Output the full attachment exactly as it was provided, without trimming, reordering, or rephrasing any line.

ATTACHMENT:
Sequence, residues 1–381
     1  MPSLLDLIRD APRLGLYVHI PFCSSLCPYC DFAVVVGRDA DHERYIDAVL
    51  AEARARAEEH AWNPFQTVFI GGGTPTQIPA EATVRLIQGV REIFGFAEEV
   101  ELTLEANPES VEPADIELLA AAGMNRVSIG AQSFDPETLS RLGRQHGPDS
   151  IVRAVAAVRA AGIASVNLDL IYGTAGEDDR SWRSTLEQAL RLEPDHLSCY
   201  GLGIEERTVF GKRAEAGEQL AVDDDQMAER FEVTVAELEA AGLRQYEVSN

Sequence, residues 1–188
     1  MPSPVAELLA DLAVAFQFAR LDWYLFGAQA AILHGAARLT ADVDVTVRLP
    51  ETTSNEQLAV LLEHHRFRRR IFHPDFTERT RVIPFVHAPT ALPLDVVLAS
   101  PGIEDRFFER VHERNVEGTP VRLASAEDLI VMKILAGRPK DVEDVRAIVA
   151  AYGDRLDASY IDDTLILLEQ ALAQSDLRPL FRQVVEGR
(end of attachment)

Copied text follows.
Sequence, residues 1–381
     1  MPSLLDLIRD APRLGLYVHI PFCSSLCPYC DFAVVVGRDA DHERYIDAVL
    51  AEARARAEEH AWNPFQTVFI GGGTPTQIPA EATVRLIQGV REIFGFAEEV
   101  ELTLEANPES VEPADIELLA AAGMNRVSIG AQSFDPETLS RLGRQHGPDS
   151  IVRAVAAVRA AGIASVNLDL IYGTAGEDDR SWRSTLEQAL RLEPDHLSCY
   201  GLGIEERTVF GKRAEAGEQL AVDDDQMAER FEVTVAELEA AGLRQYEVSN

Sequence, residues 1–188
     1  MPSPVAELLA DLAVAFQFAR LDWYLFGAQA AILHGAARLT ADVDVTVRLP
    51  ETTSNEQLAV LLEHHRFRRR IFHPDFTERT RVIPFVHAPT ALPLDVVLAS
   101  PGIEDRFFER VHERNVEGTP VRLASAEDLI VMKILAGRPK DVEDVRAIVA
   151  AYGDRLDASY IDDTLILLEQ ALAQSDLRPL FRQVVEGR